Transiting is when you pass through one country on the way to your final destination.

The same measures apply whether or not you are transiting through the Republic of the Congo. See All travellers above for further information.


There are no exemptions to the Republic of the Congo’s entry requirements.

Check your passport and travel documents before you travel

Passport validity

If you are visiting the Republic of the Congo, your passport should be valid for the proposed duration of your stay. No additional period of validity beyond this is needed.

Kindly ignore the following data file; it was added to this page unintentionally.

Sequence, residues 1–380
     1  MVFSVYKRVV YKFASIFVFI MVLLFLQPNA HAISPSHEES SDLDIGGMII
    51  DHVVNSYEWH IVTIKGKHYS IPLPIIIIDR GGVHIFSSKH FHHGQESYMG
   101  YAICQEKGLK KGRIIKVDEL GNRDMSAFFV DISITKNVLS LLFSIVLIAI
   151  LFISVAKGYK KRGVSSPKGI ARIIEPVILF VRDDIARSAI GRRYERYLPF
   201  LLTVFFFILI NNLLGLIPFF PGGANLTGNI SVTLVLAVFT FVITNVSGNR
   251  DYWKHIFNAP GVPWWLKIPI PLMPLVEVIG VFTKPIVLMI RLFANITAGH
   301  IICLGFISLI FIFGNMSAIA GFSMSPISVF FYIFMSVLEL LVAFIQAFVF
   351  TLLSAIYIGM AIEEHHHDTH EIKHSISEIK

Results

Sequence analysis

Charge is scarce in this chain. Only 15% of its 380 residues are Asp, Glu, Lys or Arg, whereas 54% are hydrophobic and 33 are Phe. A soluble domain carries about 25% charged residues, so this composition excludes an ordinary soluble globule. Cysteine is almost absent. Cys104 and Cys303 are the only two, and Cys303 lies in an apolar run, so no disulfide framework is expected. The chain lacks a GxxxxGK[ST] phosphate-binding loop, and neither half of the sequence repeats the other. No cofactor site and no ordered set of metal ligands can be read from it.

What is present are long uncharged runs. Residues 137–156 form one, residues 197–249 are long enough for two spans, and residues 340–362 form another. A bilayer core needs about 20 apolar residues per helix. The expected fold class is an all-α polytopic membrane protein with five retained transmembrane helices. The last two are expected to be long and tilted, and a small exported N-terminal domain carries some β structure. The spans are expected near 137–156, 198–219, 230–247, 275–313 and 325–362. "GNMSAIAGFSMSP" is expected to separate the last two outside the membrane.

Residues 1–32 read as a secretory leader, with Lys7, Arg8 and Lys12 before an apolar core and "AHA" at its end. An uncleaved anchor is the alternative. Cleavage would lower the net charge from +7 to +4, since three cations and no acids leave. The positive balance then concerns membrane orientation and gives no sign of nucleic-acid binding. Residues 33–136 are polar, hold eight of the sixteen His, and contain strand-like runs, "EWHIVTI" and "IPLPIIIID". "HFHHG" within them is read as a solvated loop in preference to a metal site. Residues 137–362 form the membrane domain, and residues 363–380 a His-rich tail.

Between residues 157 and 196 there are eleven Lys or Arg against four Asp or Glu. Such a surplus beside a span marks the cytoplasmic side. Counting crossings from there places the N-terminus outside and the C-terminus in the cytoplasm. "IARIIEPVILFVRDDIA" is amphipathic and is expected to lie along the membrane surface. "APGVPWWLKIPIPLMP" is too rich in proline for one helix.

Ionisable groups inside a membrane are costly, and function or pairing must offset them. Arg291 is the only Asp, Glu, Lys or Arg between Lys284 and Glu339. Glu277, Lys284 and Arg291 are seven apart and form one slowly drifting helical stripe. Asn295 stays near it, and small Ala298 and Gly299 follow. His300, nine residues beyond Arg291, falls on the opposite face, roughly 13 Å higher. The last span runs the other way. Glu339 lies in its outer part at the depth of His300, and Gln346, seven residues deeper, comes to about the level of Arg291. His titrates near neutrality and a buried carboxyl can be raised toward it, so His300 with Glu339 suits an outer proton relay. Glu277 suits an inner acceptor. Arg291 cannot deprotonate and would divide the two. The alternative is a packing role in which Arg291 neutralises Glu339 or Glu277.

Check with your travel provider to make sure your passport and other travel documents meet their requirements.


You must get a visa before travel. For more information, see the website of the honorary consulate of the Republic of the Congo in the UK.

Yellow fever certificate requirements

Check whether you need a yellow fever certificate by visiting the National Travel Health Network and Centre’s TravelHealthPro website.

Returning to the UK

Before departure, all passengers are subject to a mandatory COVID-19 test, passengers must register and pay for their test before their departure. Passengers who test positive will not be authorised to travel. Passengers are responsible for covering all costs associated with self-isolating and testing.

For more information and instructions on how to register and a pay for the mandatory arrival is available form the Ministry of Health.